Simon Belak will be speaking at Lambda World in September 2016.
PurelyFunctional.tv: How did you get into functional programming?
Simon Belak: My first exposure to functional programming was Mathematica at uni, but that class was about theory of computation, so the focus was on term rewriting. I was already using lisp at the time and the more I developed my personal poetics/aesthetics, the more I was driven to conciseness. Not necessarily in the sense of using the least amount of characters, but more in terms of using the least amount of concepts/constructs and in Common Lisp such solutions tend to be functional. My first truly functional programming language was Qi (an obscure lisp dialect with a Turing-complete type system built on top of the integrated functional Prolog implementation). I moved to Clojure soon after and to this day Clojure remains the language that best meshes with how I think.
PF.tv: Very briefly, what is your talk about?
SB: It's about how to think about working with data. About the division between engineering/programming and data science, where it makes sense and where it's harmful. It's about the tools I'd like and the tools I've built (and the design decisions behind these). It's about Clojure, but not because I think everybody should be doing data science in Clojure, but because it was Clojure that advanced (and also shaped) my thinking on these topics; and because Clojure offers a radically different set of tradeoffs than the majority of other environments used for doing data science and that is always something worth exploring.
PF.tv: What do you hope people will take away from the talk?
SB: New ways of thinking how to approach working with data. Both in terms of tools and processes and how the two are connected. For the more practically minded I will cover what is my go-to data layer architecture and how to overcome the ecosystem problem of fledging languages (spoiler: DSLs that compile to other languages).
PF.tv: What concepts do you recommend people be familiar with to maximize their experience with the talk?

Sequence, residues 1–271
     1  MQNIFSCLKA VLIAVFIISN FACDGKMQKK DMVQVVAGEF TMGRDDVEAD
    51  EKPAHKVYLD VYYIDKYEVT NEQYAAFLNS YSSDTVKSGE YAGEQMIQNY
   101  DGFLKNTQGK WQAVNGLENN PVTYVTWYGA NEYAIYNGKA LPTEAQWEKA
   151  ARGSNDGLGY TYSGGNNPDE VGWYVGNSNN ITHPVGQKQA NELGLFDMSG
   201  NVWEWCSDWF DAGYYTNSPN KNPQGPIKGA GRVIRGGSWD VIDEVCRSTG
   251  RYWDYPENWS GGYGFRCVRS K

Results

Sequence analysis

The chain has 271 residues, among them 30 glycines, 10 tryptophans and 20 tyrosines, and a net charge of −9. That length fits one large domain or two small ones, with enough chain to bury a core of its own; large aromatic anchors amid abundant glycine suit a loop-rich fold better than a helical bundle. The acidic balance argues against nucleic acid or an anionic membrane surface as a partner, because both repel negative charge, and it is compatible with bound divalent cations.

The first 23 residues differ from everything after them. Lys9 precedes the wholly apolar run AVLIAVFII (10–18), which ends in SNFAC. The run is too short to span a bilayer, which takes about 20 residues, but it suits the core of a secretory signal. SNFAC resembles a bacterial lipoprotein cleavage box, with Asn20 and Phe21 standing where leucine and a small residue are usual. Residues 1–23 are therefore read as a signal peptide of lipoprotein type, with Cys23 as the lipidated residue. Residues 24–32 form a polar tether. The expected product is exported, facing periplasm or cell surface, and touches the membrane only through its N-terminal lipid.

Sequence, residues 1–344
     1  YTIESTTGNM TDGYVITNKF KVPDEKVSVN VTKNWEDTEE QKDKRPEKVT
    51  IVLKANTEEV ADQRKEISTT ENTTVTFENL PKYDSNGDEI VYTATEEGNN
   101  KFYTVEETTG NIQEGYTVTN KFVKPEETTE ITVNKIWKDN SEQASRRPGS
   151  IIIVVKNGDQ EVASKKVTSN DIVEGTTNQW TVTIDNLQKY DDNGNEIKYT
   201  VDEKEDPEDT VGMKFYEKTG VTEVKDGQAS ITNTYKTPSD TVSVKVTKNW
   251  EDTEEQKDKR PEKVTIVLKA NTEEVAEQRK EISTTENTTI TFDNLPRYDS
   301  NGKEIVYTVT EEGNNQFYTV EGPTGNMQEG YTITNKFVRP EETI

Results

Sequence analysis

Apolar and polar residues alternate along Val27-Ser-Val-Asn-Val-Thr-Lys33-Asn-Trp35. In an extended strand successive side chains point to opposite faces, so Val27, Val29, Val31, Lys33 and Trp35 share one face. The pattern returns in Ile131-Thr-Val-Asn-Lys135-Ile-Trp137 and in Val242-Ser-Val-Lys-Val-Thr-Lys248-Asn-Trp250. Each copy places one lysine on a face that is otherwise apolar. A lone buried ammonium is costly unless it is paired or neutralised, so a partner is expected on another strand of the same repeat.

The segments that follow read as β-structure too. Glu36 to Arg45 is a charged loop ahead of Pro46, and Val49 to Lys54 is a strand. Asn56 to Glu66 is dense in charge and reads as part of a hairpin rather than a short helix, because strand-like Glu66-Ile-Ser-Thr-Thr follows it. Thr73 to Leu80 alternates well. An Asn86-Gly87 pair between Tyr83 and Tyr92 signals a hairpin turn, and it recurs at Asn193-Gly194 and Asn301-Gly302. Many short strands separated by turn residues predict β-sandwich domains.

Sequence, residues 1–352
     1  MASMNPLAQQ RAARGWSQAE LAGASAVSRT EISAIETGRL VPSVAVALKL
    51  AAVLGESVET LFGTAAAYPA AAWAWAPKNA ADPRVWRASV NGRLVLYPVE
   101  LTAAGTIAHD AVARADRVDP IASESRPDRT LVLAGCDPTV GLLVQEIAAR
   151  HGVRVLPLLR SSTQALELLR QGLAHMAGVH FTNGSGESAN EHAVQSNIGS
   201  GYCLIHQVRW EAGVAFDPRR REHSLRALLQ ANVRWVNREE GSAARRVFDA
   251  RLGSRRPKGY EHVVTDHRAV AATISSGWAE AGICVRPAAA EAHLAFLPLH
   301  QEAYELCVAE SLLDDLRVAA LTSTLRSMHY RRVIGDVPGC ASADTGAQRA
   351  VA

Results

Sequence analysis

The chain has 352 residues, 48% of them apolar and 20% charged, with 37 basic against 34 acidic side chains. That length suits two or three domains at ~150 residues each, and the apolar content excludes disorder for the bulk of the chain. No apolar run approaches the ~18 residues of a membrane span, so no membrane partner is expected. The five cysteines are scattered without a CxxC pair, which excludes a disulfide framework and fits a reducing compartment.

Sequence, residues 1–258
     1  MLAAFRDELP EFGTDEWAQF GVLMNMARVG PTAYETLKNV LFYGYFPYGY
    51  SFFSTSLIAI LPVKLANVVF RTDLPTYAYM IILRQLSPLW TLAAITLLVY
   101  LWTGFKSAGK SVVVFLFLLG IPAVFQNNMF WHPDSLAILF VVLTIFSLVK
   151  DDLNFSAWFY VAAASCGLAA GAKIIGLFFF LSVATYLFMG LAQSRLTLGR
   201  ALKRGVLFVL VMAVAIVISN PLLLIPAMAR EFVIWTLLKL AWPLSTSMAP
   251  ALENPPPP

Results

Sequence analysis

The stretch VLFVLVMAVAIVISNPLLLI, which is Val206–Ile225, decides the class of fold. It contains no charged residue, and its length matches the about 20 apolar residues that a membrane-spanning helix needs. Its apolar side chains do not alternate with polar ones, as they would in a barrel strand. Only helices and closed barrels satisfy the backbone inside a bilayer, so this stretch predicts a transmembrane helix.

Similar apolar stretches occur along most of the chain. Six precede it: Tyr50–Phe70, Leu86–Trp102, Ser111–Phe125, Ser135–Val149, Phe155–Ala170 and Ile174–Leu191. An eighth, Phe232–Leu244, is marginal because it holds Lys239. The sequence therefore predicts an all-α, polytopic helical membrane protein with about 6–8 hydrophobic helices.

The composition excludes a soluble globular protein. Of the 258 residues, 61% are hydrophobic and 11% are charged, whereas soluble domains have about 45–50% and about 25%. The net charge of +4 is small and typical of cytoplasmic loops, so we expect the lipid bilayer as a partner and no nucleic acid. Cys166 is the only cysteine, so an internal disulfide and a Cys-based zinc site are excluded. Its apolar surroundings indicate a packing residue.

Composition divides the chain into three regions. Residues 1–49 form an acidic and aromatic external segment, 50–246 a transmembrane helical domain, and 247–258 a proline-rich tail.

SB: The talk won't go into theory or arcane concepts. Just reflect on the last couple of times you were working with data. What annoyed you? Where did you spend more time fighting your tools rather than your problem? Is the way you approach a data science problem different than other programming? Why? Do you see tradeoffs being different when doing data science than with other programming? Why?
PF.tv: What resources are available for people who want to study up before the talk?
SB: The greatest resource are your past experiences. Aside from that, watch some of Bert Victor's talks (I particularly like Media for Thinking the Unthinkable) and become deeply unsatisifed with the tools (and I mean that in the broadest sense, including languages) we currently have.
PF.tv: Where can people follow you online?
PF.tv: Are there any projects you'd like people to be aware of? How can people help out?
SB: huri is the library that encapsulates some of the ideas I'll be talking about (any and all contributions welcome!). But fundamentally I think we are at the stage where the most important thing is for people to experiment: build tools, experiment, question best practices. A recurring theme of my talk is that I don't have a clue. I occasionally glimpse how things could be, but I don't know how to get there (yet). For a large class of problems the hard part is not in the steps needed to arrive at a solution, but finding a solution in the first place. The best approach here is to try and expand our minds and for that a silly throwaway weekend project can be transformative.
PF.tv: Where do you see the state of functional programming in 10 years?
SB: My aesthetics are heavily influenced by the lisp tradition, so one area I'm very excited about is the intersection between program manipulation and types, and "multi-layer" programming. What I mean by this (and I know the terminology is woefully random) is some application of the design principles behind Racket (composing languages, but see The Racket Manifesto for the treatment it deserves) and things such as Idris (prove invariants), Quickcheck (generate tests from properies/invariants), Quickspec (infer equational laws). How will this play out in 10 years? I have no idea. There is some convergence in this direction happening with things like clojure.spec, but at the same time there are still so many unexplored ideas left from the lisp and Smalltalk systems of the 70s that I'm wary of prophesying grand shifts even if -- living in one specific bubble -- it seems we are on the cusp of one. One thing I can certainly see happening is functional programming becoming an empty distinction. Mainstream programming languages are borrowing more and more from functional languages and the functional approaches are becoming seen as idiomatic. I think that's a very good thing. Right now functional programming is simply so much better that it has become somewhat incestuous. The majority of PL research is clustered around (or even tacitly presupposes) functional programming pushing it so far ahead it has become almost impossibly for ideas to travel in the opposite direction and when talking about tools for thought (what programming languages essentially are), that's never good.
PF.tv: If functional programming were a superhero, what superpower would it have?
SB: Some sort of telepathy, like Professor X from the X-Men has -- seeing the hidden "state" of the entire world in his mind. Or perhaps the better emphasis would be on keeping it (machine-aided) in his head.